Title: The Testing
Author: Joelle Charbonneau
May Contain Spoilers
When I first started reading The Testing back in April, I just couldn’t engage with the plot. I set it aside, thinking that I just wasn’t in the mood for a dystopian adventure. After a few months, I picked it back up, and I’m glad that I did. Though the book is very reminiscent of Matched and The Hunger Games, I found it an engaging read in its own right – it just took me a while to figure that out.
Cia Vale has been accepted for Testing, and if she passes, she’ll be attending classes at the University. This is a dream come true for her, and she has worked hard her entire life to earn a chance to go to the University. She is bewildered and hurt when her father tells her she shouldn’t have been chosen, and she doesn’t believe him when he implies that there is something more sinister than just academic testing going on in the capital, Tosu City. He tells her that he and her old teacher worked hard to ensure that none of the students from their small colony were accepted for The Testing. Though his memories have been wiped of his own Testing experiences, he is plagued by nightmares of the ordeal, and he never wanted his children to suffer through the Test. Cia dismisses his warnings at first, but as she begins her journey to Tosu City, things don’t add up, and she begins to believe her father is correct. She soon realizes that his advice is something that she can no longer ignore. Trust no one.
There are a few things about YA dystopian novels that I have a hard time buying into, and I think it’s because I have read so many now. The first being – what is wrong with all of these adults? The leaders of these bleak societies think nothing of their children murdering each other to get ahead in life. Really? The United Commonwealth has suffered the loss of countless citizens during a horrific period of war and environmental catastrophe, and they are willing to weed out the most cunning and brutal young adults to become the next leaders of the government? Isn’t this part of the reason that the planet was inches away from total destruction? There are 108 students in Cia’s Testing class. 108! Only 20 will be allowed entrance to the University. While we don’t know for certain what happens to the students who survive all four stages of the Test, but aren’t chosen for the Univesity, we do know what countless numbers of them were killed or murdered during the Tests. It’s to the point now that I have to be in the correct frame of mind to enjoy stories that revolve around kids being victimized like this. At least in The Hunger Games the brutality against most of the populace had a purpose, and that was to keep the downtrodden so frightened they would never rebel again. In The Testing, the candidates who survive have their memories of the Tests wiped, so I’m confused about WHY all of these adults sit idly by while their charges slaughter each other. These are the brightest and the best that their society has to offer. I hope it’s explained in the next book, because that was the major stumbling point that kept me from completely enjoying this story.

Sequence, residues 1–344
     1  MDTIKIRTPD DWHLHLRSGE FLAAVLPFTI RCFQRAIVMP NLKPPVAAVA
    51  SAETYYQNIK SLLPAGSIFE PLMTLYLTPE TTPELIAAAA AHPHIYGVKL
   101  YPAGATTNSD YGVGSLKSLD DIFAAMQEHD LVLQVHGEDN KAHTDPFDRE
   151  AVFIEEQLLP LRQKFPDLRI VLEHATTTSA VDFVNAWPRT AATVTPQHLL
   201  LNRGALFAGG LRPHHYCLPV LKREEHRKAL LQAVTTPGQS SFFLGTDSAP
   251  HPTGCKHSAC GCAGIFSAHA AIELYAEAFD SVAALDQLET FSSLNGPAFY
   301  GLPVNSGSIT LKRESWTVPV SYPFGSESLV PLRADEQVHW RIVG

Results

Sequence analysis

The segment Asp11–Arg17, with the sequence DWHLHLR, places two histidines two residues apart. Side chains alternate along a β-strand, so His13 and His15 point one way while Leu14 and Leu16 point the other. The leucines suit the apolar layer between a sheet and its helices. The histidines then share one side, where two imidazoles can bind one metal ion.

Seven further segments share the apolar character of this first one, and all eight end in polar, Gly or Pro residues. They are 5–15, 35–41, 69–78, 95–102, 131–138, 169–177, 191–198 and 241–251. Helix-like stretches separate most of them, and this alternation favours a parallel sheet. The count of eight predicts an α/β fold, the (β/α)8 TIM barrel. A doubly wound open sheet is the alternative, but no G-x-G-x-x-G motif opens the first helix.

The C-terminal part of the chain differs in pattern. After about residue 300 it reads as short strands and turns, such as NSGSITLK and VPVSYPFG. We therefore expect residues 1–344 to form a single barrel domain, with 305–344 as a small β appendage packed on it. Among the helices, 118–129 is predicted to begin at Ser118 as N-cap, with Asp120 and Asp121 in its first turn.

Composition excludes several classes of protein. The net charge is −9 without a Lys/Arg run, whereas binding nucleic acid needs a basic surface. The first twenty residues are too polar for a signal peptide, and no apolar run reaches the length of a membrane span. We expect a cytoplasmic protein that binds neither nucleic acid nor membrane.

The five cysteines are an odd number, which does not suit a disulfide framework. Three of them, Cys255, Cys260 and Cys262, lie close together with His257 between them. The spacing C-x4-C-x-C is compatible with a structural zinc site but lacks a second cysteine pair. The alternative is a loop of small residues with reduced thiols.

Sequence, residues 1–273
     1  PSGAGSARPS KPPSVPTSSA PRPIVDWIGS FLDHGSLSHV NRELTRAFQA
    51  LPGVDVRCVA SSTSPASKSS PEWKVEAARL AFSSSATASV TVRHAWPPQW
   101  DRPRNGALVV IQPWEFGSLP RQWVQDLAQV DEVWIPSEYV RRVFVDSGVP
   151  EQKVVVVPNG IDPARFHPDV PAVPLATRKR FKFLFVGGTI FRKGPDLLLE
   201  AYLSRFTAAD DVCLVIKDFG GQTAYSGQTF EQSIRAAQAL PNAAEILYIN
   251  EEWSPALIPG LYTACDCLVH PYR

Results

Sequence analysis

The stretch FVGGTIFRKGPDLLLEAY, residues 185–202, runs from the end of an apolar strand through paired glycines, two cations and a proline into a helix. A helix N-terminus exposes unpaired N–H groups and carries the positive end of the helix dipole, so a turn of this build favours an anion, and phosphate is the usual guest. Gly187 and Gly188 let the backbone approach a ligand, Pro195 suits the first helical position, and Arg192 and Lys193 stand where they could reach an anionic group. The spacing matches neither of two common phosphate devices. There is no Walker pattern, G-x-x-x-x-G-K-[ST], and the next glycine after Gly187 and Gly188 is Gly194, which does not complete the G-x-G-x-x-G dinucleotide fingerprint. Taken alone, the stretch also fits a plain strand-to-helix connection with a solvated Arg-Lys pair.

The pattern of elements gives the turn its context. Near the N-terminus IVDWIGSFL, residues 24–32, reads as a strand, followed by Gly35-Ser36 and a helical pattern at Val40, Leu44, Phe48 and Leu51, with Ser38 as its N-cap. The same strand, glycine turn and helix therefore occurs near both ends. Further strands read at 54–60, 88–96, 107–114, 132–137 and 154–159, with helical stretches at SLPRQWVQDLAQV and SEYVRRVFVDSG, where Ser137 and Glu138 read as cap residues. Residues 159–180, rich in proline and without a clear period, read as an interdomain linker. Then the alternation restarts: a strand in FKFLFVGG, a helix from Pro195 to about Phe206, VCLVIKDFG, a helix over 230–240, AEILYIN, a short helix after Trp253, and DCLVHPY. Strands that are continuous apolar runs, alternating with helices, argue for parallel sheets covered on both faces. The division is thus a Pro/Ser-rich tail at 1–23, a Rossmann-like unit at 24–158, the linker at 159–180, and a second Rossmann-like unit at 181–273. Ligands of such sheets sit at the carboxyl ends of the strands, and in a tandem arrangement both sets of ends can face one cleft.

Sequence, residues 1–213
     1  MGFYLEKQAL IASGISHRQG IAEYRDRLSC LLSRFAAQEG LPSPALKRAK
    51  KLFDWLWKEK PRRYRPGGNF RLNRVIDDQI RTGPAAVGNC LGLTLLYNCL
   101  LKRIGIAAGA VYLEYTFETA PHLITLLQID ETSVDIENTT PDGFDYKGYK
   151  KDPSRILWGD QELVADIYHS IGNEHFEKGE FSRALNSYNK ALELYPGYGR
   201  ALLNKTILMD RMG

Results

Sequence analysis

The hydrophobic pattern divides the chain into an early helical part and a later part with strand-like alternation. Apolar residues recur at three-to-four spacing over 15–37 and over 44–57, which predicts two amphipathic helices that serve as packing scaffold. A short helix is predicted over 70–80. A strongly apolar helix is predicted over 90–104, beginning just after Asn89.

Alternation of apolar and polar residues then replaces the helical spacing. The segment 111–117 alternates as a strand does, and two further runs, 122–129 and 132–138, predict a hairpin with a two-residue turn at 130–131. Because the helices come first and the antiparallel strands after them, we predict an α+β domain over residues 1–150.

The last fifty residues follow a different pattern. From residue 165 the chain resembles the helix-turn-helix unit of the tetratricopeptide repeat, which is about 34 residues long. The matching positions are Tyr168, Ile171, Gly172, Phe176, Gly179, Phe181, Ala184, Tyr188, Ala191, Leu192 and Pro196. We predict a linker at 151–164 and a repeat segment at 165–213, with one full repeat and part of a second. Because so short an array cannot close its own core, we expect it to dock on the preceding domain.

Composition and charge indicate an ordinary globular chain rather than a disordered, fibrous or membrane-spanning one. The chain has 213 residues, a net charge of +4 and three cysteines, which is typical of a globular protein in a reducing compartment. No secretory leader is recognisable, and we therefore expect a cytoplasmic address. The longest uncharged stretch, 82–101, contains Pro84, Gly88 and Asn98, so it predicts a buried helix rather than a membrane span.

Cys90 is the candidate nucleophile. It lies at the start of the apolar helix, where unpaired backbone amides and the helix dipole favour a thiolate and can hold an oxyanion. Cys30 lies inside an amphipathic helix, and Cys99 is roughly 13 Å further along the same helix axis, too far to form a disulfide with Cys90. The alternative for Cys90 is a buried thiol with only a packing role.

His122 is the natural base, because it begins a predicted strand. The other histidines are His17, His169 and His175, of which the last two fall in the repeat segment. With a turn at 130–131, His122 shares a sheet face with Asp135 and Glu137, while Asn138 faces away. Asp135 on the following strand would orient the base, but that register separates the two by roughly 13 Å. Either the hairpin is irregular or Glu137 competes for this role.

What’s the second thing that drives me nuts? They talk about food. A lot. More than I do, and I am a big foodie. Reading these survival type stories makes me hungry. Except for the possum. Not so sure I would ever want to eat that.
I did love the in your face narrative. Cia thinks, at first, that it’s a huge honor to vie for a place in the University. She wants to help revitalize the country, which has been decimated by warfare. Like the humans, all life in the Commonwealth teetered on the brink of extinction. Water sources have been polluted and rendered undrinkable, animals have been mutated into scary monsters, and plant life struggled to survive in the poisoned ground. Cia’s dedication to assisting with the healing of the land is one of her defining characteristics, and it’s an easy one to like. It keeps her going, even when everything else has become a nightmare for her. She also resists acting like an animal during the final, deadly stage of The Test. She was raised to see the value in all life, and she has a hard time killing anything. To give her a personal challenge, she is constantly threatened with death, so she must re-evaluate her personal ethics. I loved this about the story, too. Even though she is good and just, she doesn’t hesitate to defend herself or her friends. She doesn’t sit around and wait for some guy to save her, either. Most of the time, she is the one doing the saving. I thought that Cia kicked butt, and I am curious to see what happens in the next book, when she is in, presumably, less harrowing surroundings.
With interesting world-building and a heroine who is not afraid to take charge and control of her own destiny, The Testing is a hard book to put down. I thought that the pacing of the 2nd half of the book was much better than the first, and read most of it in one sitting. I am looking forward to seeing what happens in the next book!
Review copy provided by publisher